Pavlin Plamenov Petkov

no chance for new ones

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Hello colleagues. Not to mention that, things are clear. People uploaded photos before years 2010 2012 have made many sales and photos and continue to sell a lot to today, and new ones have just begun to upload photos can not make any sales. The search engine obviously only displays many times downloaded photos from a time ago ....

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great Portfolio Pavlin.  You have a lot of great work of illustration. 

I am also new just trying to add what I felt by now. Commercial Images get more download than illustrations(Vectors) (May be because downloaders need spacial software to handle Vectors). And you have most of the image that are editorial. That I feel have limited market. If I would have been at your place would add more real life photos with lot of people in action like plumbers, party, meetings, school, college... I have restrictions due to funds.   

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Start by saying where your landscape pictures were taken. You can improve your descriptions and key wording considerably. Also you are obviously not an English speaker some of your descriptions are strange, like "A beautiful positive girl drinks her morning coffee and teaches for exam in bed." In keywords, when there are models, indicate the model's age group. If the picture is in black and white indicated that in description and key word. Read more stock photography guidelines on how to describe and keyword your pictures so users who search for them and find them effectively. The pictures are OK but you tend to use filters on them and that limits what the designer can do with them and how it can be printed. I tend to see my pictures as base pictures for the designer to do the artistic stuff on them. Cats, cell phones, dogs, animals in zoos, tough luck selling those kinds of pictures. And, you need a whole lot more image. Hope that helps. 

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Hi Pavlin,

Your statement can be only partially agreed with - newcomers do not have as many "popular" pictures and do not sell as much because of it (unless you find some previously unpopulated niche, you will not get presented on Popular search results page. This leaves you with the necessity to have either better/more suitable pictures than the rest, better keywording and descriptions than others and or plain old luck - preferrably combination of all three). Also, quantity helps as well as diversity. Obviously, pictures must be of very high technical standard.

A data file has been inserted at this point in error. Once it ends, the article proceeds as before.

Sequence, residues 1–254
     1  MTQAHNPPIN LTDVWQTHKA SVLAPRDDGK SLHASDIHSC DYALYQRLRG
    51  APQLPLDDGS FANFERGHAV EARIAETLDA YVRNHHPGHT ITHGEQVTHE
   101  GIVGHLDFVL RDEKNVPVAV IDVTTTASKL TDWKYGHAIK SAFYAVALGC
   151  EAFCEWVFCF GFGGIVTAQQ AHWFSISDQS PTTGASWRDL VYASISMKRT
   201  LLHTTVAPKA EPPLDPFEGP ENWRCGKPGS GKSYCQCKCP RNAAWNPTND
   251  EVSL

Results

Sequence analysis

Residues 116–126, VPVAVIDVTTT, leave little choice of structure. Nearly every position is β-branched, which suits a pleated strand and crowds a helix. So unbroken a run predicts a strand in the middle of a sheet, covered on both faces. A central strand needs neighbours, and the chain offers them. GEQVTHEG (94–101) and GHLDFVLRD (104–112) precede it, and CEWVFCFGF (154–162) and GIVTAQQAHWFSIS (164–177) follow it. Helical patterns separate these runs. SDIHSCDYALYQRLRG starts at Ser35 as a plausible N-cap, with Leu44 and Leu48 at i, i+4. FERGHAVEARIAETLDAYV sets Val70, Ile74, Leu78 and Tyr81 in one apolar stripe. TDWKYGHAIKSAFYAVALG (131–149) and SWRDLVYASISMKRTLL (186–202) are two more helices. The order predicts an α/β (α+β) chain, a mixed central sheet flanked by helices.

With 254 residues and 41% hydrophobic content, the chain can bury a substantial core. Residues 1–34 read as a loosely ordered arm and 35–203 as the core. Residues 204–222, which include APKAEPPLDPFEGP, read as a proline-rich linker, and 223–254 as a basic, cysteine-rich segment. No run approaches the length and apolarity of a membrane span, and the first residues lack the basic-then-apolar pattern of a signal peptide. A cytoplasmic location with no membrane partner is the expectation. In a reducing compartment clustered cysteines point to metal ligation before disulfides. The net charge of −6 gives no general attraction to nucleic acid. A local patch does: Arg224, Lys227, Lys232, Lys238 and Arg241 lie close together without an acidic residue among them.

But as Paula mentioned, currently, many contributors (both old and new) are experiencing a very deep decline in sales - we all hope it is just a temporary thing and not market-wide permanent decline...

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Pavlin i´m new with less than a year but have some pics in the most popular, i focus on search pics of famous locations near me in shutterstock and see which are not well covered or don´t even exist, take great pics of them and submit them.

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let me say being the 1000 gorilla in the room. a Good useful Image will be found and will sell...Period. Now .....all ya have to do is submit a Really good Useful, High commercial Value image and a lot of them because believe it or not Buyers bookmark certain people that do Unique work work than can help sell there concept and it will work over and over. The #1 issue with all of microstock is the WAY OVER abundance of sub par work and who defines that??? No one, It can't be done because it gets into personal Taste. But....A strong is a strong Image,,,,period and can be a evergreen. and yes, It's getting MUCH MUCH harder ever day Month and year and many of us believe It has gone way past the saturation Point.The sites of course will disagree because "THEY HAVE TO" or think they do. So....."No chance for New Ones"/\? I don't believe that IF....your work is new. what Im seeing Mostly from those who post these questions is Not new because they didn't do the work to study whats here.